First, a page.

Solve a BVP over an initial interval, and then iteratively extend the interval using each solution as the initial guess for the next interval.

Consider the equation

${{\mathit{y}}^{\prime}}^{\prime}=\mathit{y}$.

As a first-order system, the equation becomes a system of two equations

${{\mathit{y}}_{1}}^{\prime}={\mathit{y}}_{2}$,

${{\mathit{y}}_{2}}^{\prime}={\mathit{y}}_{1}$.

The equation is initially defined on the interval $\left[0,3\right]$ and is subject to the boundary conditions

$\mathit{y}\left(0\right)=0$,

$\mathit{y}\left(3\right)=1$.

The function that encodes the equation as a first-order system is

function dydx = bvpfun(x,y)
dydx = [y(2)
y(1)];
end

Similarly, the function that encodes the boundary conditions is

function res = bcfun(ya,yb)
res = [ya(1)
yb(1)-1];
end

You either can include the required functions as local functions at the end of a file (as done here), or you can save them as separate, named files in a directory on the MATLAB path.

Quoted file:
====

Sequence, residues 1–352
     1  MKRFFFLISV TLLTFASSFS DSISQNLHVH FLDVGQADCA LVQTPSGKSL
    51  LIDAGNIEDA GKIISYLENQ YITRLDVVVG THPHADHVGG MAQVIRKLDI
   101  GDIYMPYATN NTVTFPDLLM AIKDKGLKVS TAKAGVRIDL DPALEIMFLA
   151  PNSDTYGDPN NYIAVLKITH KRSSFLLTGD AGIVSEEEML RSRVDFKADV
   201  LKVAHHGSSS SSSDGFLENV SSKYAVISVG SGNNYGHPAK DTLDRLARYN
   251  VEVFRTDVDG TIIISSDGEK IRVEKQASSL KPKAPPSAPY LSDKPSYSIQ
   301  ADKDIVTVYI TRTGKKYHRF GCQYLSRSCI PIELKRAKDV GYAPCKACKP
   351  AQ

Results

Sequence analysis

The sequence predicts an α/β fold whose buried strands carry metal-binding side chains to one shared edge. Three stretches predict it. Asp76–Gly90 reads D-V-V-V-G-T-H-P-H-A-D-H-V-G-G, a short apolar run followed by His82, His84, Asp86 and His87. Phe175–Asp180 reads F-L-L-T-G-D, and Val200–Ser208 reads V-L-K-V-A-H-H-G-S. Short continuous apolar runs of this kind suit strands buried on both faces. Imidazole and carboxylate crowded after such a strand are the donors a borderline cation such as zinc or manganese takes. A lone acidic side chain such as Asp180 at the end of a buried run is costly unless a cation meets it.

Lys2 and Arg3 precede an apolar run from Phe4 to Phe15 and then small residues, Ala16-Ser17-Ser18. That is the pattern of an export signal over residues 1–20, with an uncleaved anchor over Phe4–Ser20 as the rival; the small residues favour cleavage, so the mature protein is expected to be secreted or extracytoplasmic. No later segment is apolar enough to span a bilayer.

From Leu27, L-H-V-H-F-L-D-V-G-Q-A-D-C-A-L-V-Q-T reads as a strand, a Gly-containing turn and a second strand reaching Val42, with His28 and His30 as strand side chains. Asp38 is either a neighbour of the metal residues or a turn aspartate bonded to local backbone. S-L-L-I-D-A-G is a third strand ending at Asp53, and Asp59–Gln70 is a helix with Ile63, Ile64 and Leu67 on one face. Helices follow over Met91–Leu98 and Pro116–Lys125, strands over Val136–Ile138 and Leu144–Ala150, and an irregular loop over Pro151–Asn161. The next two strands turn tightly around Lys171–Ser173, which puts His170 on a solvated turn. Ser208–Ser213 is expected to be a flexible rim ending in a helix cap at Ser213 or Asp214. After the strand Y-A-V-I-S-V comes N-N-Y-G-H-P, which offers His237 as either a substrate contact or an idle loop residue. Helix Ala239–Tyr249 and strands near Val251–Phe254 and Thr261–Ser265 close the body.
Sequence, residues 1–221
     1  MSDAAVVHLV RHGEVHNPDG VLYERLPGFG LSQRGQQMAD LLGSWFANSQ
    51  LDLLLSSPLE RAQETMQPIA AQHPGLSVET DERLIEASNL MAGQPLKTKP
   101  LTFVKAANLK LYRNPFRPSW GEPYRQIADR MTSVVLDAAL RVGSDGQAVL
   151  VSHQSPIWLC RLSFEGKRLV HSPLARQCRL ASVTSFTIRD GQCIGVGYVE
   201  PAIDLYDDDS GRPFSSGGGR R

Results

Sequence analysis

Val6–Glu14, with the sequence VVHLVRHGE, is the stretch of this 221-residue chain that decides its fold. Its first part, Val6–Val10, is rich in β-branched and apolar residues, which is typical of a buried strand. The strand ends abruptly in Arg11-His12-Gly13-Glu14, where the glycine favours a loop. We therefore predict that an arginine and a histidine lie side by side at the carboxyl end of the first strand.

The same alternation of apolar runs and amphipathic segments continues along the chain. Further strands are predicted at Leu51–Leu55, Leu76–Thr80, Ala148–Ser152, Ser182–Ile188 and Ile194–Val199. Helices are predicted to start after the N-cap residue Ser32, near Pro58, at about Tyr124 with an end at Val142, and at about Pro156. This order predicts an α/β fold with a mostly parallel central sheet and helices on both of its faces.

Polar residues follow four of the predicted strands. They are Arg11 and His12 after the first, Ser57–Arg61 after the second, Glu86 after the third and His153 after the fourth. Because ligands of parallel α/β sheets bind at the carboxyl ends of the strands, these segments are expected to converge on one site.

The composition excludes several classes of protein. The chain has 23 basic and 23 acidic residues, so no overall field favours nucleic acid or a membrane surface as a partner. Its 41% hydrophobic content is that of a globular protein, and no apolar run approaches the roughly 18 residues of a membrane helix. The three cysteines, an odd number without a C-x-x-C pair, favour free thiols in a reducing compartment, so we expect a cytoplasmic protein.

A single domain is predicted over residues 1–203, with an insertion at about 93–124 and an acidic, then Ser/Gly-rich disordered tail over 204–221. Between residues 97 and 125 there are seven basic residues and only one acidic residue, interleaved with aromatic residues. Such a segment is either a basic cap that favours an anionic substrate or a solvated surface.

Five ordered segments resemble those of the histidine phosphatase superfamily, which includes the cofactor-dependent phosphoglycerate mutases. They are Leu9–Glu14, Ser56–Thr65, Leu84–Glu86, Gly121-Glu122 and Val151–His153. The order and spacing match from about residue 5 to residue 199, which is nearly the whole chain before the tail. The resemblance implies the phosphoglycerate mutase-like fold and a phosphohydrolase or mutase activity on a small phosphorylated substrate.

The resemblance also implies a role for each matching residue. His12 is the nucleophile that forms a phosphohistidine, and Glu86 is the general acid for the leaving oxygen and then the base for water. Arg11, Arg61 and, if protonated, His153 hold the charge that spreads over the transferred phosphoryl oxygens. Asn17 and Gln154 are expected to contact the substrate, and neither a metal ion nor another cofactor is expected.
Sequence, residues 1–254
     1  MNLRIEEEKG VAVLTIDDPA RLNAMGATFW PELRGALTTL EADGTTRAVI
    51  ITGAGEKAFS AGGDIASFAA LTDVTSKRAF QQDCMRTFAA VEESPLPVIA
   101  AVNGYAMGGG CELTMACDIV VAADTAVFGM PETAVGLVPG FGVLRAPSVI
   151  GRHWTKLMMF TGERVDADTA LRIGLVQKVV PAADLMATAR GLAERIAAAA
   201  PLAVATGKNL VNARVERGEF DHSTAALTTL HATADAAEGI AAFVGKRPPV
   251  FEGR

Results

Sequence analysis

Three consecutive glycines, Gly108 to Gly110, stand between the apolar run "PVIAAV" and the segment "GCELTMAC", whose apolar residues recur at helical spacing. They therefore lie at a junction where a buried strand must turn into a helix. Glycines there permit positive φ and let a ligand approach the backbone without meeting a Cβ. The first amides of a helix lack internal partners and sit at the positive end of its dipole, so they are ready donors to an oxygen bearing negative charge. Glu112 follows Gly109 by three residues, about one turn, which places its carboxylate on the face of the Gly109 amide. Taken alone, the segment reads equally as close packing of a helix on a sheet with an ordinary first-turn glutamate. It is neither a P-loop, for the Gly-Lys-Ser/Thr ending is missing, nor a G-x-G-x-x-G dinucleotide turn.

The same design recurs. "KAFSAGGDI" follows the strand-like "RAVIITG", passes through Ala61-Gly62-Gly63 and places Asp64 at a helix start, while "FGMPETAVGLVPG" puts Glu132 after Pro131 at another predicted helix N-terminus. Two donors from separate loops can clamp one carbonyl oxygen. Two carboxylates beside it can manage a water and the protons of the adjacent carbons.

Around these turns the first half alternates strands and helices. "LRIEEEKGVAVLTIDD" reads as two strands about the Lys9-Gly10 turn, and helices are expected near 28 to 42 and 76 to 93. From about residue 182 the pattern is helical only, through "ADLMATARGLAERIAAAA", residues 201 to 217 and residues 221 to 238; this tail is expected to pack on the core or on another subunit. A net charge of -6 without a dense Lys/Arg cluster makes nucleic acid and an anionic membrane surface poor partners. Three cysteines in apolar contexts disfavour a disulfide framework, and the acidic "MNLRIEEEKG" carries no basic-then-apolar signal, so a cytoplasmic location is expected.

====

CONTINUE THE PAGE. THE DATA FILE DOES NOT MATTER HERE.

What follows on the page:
Use an exponential function as the initial guess for the solution. Since the equation has two solution components, write an initial guess function of the form `y = guess(x)`

that returns a vector.

function y = guess(x)
y = [exp(x)
exp(x)];
end

A mesh of five points is sufficient to capture the behavior of the guess function.

Solve the equation in the initial interval $\left[0,3\right]$ and plot the results for ${\mathit{y}}_{1}$.

Now, use `bvpinit`

to extend the interval of integration in a loop, solving and plotting each new problem. In each iteration, form the initial guess using the previous solution `sol`

extrapolated to the new interval `[0 k]`

. In each new problem, `bvp4c`

enforces the boundary conditions at the new boundaries `[0 k]`

.

This example shows a simplified version of *continuation*, a useful technique to solve BVPs by breaking the problem down into smaller intervals or simpler problems. For more examples of this technique, see:

Listed here are the local helper functions that the BVP solver `bvp4c`

calls to calculate the solution. Alternatively, you can save these functions as their own files in a directory on the MATLAB path.